This chapter looks at criminality among the Jewish remnant through the eyes of the American Jews who advised the U.S. occupation forces and from the perspective of the displaced persons. It examines how Jewish self-defense (Haganah) was manifested in the creation of Jewish police forces after Nazi Germany's defeat. Unlike the “Jewish police” in Nazi ghettos, who had checkered or unsavory reputations, the Jewish police forces in the DP communities emerged as responsible institutions in which Jews were able to take pride, and the police thereby strengthened the communities' material and spiritual well-being, despite having to function in a sometimes hostile and ghost-ridden atmosphere.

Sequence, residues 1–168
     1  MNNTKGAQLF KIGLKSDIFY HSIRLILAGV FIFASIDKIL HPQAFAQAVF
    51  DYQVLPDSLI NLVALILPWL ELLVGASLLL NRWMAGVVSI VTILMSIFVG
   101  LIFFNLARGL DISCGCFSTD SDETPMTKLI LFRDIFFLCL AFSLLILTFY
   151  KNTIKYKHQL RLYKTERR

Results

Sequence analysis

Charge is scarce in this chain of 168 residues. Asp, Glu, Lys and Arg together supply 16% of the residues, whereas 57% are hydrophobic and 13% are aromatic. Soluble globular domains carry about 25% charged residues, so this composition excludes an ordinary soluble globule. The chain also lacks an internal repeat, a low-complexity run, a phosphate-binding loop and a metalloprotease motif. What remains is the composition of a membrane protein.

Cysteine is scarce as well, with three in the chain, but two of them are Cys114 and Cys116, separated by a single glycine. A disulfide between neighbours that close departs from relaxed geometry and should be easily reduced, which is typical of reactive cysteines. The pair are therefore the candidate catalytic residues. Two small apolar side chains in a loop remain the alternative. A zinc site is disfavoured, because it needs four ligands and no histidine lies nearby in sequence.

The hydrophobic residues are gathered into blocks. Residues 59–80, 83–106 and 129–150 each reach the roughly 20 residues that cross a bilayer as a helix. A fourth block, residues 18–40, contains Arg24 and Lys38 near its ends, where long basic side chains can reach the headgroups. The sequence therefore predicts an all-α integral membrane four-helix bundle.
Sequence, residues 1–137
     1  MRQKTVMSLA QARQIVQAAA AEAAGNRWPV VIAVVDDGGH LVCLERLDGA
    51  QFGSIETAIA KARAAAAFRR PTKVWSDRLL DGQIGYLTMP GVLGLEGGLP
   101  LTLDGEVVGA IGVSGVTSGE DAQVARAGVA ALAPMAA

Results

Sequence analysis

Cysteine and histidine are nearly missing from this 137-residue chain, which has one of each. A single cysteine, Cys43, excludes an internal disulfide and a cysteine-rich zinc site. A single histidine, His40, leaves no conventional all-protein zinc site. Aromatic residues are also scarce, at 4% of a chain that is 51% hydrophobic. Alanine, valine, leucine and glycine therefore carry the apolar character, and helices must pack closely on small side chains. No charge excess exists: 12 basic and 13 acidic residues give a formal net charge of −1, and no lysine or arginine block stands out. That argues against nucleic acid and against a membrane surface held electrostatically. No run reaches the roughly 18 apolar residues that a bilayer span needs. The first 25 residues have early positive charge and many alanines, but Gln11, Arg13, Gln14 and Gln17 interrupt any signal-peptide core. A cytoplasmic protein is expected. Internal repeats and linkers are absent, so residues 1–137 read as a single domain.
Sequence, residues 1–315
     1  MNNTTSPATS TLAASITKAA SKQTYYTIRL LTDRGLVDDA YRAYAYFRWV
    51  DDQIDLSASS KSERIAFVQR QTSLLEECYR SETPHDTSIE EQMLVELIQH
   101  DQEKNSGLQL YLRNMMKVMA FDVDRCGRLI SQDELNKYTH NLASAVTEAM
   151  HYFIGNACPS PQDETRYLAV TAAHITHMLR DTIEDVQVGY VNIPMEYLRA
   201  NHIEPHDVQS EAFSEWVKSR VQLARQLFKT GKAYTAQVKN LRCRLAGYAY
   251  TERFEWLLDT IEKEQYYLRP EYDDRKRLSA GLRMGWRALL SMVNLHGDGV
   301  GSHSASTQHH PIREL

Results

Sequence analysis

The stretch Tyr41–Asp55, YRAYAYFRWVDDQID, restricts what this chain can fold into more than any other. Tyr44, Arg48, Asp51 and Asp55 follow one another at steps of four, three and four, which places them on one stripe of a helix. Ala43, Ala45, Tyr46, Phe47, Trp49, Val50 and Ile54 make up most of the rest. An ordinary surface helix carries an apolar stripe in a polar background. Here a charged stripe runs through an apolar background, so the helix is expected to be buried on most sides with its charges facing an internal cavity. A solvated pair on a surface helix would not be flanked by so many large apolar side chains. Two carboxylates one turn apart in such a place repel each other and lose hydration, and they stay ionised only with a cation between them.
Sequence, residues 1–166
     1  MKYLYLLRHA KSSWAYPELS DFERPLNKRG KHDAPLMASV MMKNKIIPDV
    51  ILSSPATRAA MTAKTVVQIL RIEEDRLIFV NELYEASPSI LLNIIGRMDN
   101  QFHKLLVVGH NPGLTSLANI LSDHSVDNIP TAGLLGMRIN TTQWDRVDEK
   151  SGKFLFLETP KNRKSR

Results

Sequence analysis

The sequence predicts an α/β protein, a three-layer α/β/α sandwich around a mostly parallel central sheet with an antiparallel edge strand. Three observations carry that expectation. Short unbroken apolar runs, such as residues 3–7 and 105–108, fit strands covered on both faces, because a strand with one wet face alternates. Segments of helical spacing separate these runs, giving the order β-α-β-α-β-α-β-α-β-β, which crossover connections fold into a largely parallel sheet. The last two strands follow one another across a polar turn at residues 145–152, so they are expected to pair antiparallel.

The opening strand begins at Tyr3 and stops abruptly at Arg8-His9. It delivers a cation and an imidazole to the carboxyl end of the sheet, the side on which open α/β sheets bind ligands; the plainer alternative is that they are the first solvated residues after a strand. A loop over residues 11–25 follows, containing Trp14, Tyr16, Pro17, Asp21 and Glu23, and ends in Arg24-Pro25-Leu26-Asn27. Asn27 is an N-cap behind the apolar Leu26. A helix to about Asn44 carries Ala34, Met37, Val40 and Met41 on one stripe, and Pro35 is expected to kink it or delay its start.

Keywords: Jewish criminality; American Jews; U.S. occupation forces; displaced persons; Haganah; Jewish police; Nazi Germany's defeat; Nazi ghettos
Chapter. 9907 words. Illustrated.
Subjects: Modern History (1700 to 1945)
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